He has a young wife and an infant son to support, so he needs a job, any job.
Is his house.
The young man works as a clerk for the patent office.
He describes himself as a "respectable federal ink pisser."
Despite his job, he manages to find time to pursue his main interest: thinking.
The young man's name is Albert Einstein.
Right here, he formulates the most famous equation in all of science...
The equation means that energy, E; and mass, m; are interchangeable.
They're basically different forms of the same thing.
And c is the speed of light, a humongous number.
So, mass times a humongous number squared will give you a tremendous amount of energy.
So, this equation means that a little bit of mass can be converted into a lot of energy.
Every time uranium changes its atomic structure, a tiny bit of mass is lost; it's converted into energy.
According to Einstein, it's a tremendous amount of energy.
Frederick Soddy, the young chemist working with Rutherford, is the first to speculate about this energy.
as SODDY: The man who puts his hand on this store of energy would possess a weapon by which he could destroy the Earth if he chose.
[Bells toll] -The man who imagines a world where Frederick Soddy's weapon becomes a frightening reality, exploiting Einstein's equation of mass and energy, is neither a physicist nor a chemist, but a novelist.
Herbert George Wells writes The World Set Free, a novel in which scientists have learned to harness the power of atomic energy.
[Suspenseful music climbs] 2036 AD.
You are catapulted through centuries, whirled into the great unknown, into an era of glass cities towering to the Sun.
Remarkably, HG Wells publishes his novel The World Set Free in 1914.
He dedicates it, not to Albert Einstein, but to Frederick Soddy.
The book also introduces a new and disturbing term into the language... [Bell tolls] [Foreboding music plays] In 1933, here in London, there is a Hungarian physicist named Leo Szilard.
He's imaginative, driven, impatient, and brilliant.
Now, he has read HG Wells's novel The World Set Free and... it's got him thinking.
Leo Szilard is walking down this street when he stops here, at the corner of Southampton Row and Russell Square.
It is at this intersection that he has the single most dangerous and defining idea of the modern world: what if it were possible to create the atomic bombs envisioned by HG Wells by forcing atoms to convert their mass into energy?
Szilard's idea is to have 1 atom release its energy, triggering more atoms to release more energy, in an exponentially increasing cascade, until a gazillion atoms are all converting their mass into energy simultaneously.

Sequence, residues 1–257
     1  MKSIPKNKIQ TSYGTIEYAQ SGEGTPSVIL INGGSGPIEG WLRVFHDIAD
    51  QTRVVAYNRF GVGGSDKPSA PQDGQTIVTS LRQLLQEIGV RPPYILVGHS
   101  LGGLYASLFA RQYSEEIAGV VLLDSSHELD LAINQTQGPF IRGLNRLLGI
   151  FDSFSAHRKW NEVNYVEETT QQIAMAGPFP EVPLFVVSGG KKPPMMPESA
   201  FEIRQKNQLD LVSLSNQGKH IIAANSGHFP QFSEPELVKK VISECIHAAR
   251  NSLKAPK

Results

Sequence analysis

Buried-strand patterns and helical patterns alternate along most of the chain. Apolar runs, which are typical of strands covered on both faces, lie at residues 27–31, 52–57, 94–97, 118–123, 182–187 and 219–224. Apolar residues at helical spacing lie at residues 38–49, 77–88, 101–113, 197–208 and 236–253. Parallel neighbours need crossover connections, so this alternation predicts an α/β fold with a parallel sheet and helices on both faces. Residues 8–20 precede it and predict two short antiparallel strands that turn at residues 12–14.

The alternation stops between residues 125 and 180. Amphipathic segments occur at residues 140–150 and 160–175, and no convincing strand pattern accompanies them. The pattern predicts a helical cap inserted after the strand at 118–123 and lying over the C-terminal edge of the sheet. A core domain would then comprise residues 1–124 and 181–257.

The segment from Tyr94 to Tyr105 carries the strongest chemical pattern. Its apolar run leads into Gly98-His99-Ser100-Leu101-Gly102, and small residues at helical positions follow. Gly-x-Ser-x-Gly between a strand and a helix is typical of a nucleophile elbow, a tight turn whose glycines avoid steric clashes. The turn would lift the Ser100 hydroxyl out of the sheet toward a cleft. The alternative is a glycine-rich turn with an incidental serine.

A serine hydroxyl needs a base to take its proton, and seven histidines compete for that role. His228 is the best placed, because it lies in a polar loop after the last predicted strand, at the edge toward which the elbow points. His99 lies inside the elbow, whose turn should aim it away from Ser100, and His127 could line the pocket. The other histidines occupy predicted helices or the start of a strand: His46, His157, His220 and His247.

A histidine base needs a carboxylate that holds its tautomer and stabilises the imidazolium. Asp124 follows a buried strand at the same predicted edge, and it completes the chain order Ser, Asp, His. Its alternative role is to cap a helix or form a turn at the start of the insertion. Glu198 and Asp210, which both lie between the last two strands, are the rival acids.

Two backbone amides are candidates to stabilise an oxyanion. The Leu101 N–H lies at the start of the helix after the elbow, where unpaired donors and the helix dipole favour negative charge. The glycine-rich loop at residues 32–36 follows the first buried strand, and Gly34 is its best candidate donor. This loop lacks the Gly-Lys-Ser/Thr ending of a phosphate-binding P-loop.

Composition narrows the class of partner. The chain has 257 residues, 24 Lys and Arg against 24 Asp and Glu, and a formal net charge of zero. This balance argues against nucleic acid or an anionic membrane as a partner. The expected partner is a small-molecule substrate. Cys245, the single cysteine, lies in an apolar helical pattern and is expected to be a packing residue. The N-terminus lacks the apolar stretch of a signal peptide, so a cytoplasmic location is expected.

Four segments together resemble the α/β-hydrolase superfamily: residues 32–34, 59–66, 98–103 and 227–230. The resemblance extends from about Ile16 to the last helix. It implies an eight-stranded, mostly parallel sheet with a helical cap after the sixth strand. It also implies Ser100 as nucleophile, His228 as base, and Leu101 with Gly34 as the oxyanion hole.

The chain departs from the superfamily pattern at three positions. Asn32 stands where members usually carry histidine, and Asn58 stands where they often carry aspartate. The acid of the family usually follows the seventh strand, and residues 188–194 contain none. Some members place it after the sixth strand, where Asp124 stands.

By the time Leo reaches this point, he has the whole terrifying idea in his head, the idea of the chain reaction.
And it's September 12, 1933.
Adolf Hitler is chancellor.
[Cheering] The Nazis are frighteningly powerful, murderously intolerant.
Jews, in particular, are persecuted.
[Crowd chanting] Many of the leading physicists in Europe are Jewish and many flee to America.
Among them is Albert Einstein.
And, in 1938, Leo Szilard joins him from London.
In New York, I'm meeting Spencer Weart.
He's a physicist and historian and I'm here to ask him about Leo Szilard.
-Szilard was a Hungarian; he was a Hungarian Jew and this meant that, from a very early age, he was filled with anxiety and worries about doom and world disasters, and so forth.
Germany, of course, was, at that time, the premier scientific power, and Szilard recognized that, if there were to be an atomic bomb, Germany had a good chance of being the first one to get it, and Germany meant Hitler and the Nazis.
-Leo Szilard's anxiety about Germany developing an atomic bomb gets worse when, in 1939, disturbing news reaches him from Berlin.
At the Kaiser Wilhelm Institute, there's a brilliant German chemist, Otto Hahn.
Now, he'd actually been a student of Ernest Rutherford's around the time that Rutherford and Soddy found that uranium naturally changes its atomic structure.
Otto Hahn has taken the next step.
He's been experimenting with forcing the uranium atom to change and he's getting puzzling results.
He sends his results to his Jewish colleague Lise Meitner, who, by this time, like many Jewish physicists, had fled Germany, and it's Lise Meitner who figures out what Otto Hahn has done.
He split the uranium atom, something nobody thought possible.
Now, when we say "splitting the atom," what we really mean is splitting the nucleus.
Splitting an atom is often presented as a break at billiards, but it's actually much more subtle than that.
Only one particular type of uranium nucleus will split, one with 92 protons and 143 neutrons.
Added together, that makes 235, so it's called uranium-235.
The force that holds the nucleus together is the strongest force in the universe, so, physicists cleverly call it the strong nuclear force.
But the uranium nucleus is so huge, it's under incredible strain, it's unstable and, if I add just 1 more neutron to that nucleus, it increases that instability, so that the whole uranium nucleus rips apart!
And, now, the strong force compacts both of those pieces, so that, overall, their mass is less than the mass of the original nucleus.
Mass has been transformed into energy, just as Einstein said it would.
And, even more importantly, this fission releases 2 or 3 neutrons.
And this where Leo Szilard's idea of the chain reaction comes into play, because if these neutrons go on to hit other uranium-235 nuclei, they cause them to fission, releasing more energy and more neutrons.